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Cambodia was not the "true face of communism" but rather the true face of totalitarian insanity.  No one has yet implemented true communism.

Legrande Matinbois

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Jay Kadis wrote on Mon, 31 March 2008 15:23

...No one has yet implemented true communism.


Yeah.  Because first thing ya know, some free-thinking dissenter doesn't feel like subordinating himself to the incontestable authority, and then, dad-gummit, the exalted keeper of the Utopian vision must deploy the all-powerful enforcers of the vision to kill him...  For the "common good", of course.

Legrande
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No price is too high to pay for the privilege of owning yourself.
 -- R. Kipling

E Merrill

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Legrande Matinbois wrote on Tue, 01 April 2008 12:20

Jay Kadis wrote on Mon, 31 March 2008 15:23

...No one has yet implemented true communism.


Yeah.  Because first thing ya know, some free-thinking dissenter doesn't feel like subordinating himself to the incontestable authority, and then, dad-gummit, the exalted keeper of the Utopian vision must deploy the all-powerful enforcers of the vision to kill him...  For the "common good", of course.

Legrande



I think the truth lies somewhere in the middle. You're right, Legrande, to point out that, while it's true that communism has never been implemented exactly as it was proposed,  it has had enough chances to be judged on the various ways it HAS been implemented. No political or economic system has ever been perfectly applied; there are too many damn humans involved.

Even admitting that, though, it's a stretch to describe the Khmer Rouge as "the true face of communism." That's akin to describing the Pullman Strike, the Bopal explosion, or the Iraq War as the "true face of capitalism." (I recognize that communism and capitalism are not analogous as one is political the other economic) It's also important to remember that it was the actions of the U.S. (and French) in SE Asia that created the environment that allowed Pol Pot to come to power.

Communism has clearly failed as a governing strategy. The Chinese system can be better described as totalitarian hyper-capitalism than anything Marx would recognize. Communism's real danger today is its enduring power as a rhetorical device. Virtually any government action can be dismissed by equating that action to socialism and then equating socialism to communism.

Neither capitalism nor communism are successful in pure forms and it is imperative that we recognize that there are lessons and policies to be taken from many systems. For instance, the worker-owner model has been tremendously successful inside a capitalist framework; UPS and The Lusty Lady are perfect examples. The Green Bay Packers have stretched the definition of worker but the spirit and result are similar.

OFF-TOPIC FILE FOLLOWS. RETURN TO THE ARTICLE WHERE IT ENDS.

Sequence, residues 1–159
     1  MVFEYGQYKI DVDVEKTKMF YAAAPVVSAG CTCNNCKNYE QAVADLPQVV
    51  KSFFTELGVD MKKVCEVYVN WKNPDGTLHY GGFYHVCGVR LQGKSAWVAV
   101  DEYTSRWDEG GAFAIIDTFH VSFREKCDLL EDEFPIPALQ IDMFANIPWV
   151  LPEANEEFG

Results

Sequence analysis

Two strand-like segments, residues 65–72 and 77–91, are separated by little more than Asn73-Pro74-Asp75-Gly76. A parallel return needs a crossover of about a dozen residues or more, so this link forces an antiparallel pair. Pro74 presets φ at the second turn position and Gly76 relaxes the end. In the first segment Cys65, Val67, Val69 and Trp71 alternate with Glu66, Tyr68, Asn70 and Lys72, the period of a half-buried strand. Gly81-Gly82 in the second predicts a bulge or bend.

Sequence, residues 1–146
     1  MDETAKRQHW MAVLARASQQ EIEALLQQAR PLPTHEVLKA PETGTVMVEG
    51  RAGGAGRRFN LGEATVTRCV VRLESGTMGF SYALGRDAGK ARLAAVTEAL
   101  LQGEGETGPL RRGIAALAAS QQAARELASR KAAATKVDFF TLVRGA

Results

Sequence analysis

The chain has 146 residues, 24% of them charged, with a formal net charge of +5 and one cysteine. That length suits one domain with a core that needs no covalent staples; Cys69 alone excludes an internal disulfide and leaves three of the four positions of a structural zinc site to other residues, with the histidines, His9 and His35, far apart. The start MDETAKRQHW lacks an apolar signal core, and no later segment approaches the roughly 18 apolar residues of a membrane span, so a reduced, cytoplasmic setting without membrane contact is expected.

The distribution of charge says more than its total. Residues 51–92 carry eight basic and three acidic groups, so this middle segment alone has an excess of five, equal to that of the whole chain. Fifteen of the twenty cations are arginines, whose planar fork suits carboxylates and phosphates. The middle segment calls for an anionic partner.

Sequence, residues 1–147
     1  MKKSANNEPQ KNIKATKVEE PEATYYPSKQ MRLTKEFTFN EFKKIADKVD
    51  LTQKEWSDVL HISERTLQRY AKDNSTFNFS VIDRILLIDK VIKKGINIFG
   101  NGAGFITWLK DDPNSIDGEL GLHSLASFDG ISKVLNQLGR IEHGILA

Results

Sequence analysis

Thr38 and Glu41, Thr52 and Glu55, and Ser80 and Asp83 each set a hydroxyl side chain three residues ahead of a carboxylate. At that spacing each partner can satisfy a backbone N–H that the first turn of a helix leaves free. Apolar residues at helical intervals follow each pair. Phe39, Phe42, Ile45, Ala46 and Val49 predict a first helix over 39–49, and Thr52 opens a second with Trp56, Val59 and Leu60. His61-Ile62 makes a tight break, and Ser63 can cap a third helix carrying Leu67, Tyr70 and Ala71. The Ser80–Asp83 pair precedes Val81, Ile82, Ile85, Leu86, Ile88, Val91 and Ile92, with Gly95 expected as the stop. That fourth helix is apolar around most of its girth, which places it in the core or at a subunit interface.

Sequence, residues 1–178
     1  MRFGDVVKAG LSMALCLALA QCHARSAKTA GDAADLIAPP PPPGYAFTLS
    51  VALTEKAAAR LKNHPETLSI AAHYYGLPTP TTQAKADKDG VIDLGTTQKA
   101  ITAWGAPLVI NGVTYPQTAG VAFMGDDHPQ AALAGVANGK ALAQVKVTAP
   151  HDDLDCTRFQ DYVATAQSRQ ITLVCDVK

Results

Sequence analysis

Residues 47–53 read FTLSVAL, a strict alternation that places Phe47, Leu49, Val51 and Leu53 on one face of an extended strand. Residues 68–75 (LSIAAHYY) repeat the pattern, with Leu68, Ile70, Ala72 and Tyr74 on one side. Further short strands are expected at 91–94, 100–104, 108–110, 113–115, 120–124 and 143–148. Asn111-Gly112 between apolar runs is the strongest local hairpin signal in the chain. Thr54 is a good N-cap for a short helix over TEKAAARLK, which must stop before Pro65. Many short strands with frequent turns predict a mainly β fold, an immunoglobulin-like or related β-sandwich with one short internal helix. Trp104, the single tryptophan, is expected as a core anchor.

This political question should not distract from the work of Dith Pran. Anyone who is not familiar with it should read or watch "The Killing Fields."  It's unbelievably upsetting and inspiring.




Eric
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Paul Cavins

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[quote title=Eric Merrill wrote on Tue, 01 April 2008 13:58]
Legrande Matinbois wrote on Tue, 01 April 2008 12:20


Communism has clearly failed as a governing strategy. The Chinese system can be better described as totalitarian hyper-capitalism than anything Marx would recognize. Communism's real danger today is its enduring power as a rhetorical device. Virtually any government action can be dismissed by equating that action to socialism and then equating socialism to communism.






Shut up you commie!



Surprised
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MDM,

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communism ends up being an easy way to disarm the common man of any power.

there is no middle class in communist countries.. sound familiar?
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I must study politics and war that my sons may have liberty to study mathematics and philosophy .. in order to give their children a right to study painting, poetry and music.
John Adams (1735-1826) 2nd President, United States